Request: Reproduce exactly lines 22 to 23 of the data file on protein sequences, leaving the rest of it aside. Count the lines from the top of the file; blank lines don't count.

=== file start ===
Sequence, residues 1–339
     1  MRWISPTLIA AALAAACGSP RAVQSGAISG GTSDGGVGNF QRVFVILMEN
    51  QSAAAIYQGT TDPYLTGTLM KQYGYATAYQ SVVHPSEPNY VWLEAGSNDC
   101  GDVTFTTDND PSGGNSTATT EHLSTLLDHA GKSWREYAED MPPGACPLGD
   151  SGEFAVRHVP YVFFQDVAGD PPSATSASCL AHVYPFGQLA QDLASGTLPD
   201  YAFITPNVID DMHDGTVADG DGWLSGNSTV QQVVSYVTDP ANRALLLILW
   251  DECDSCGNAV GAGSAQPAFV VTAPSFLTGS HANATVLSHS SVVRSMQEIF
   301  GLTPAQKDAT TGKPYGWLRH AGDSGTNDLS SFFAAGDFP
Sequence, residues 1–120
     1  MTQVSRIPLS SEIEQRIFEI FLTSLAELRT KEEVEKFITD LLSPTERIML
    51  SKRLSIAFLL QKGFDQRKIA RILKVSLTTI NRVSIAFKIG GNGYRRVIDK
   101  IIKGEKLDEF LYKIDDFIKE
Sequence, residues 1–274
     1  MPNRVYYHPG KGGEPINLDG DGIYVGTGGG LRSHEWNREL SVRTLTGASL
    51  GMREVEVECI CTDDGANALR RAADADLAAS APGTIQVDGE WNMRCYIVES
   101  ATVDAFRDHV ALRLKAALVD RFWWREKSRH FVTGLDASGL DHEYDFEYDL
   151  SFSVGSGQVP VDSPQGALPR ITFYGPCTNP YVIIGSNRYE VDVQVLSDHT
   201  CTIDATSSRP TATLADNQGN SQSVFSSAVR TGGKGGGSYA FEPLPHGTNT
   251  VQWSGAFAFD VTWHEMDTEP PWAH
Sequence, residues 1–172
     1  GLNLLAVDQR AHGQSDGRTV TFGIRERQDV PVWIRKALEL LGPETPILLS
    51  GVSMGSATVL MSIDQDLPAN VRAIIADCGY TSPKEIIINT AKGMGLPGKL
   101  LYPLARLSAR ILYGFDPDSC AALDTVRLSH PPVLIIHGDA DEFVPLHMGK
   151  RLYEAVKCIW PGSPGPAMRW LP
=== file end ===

    51  GVSMGSATVL MSIDQDLPAN VRAIIADCGY TSPKEIIINT AKGMGLPGKL
   101  LYPLARLSAR ILYGFDPDSC AALDTVRLSH PPVLIIHGDA DEFVPLHMGK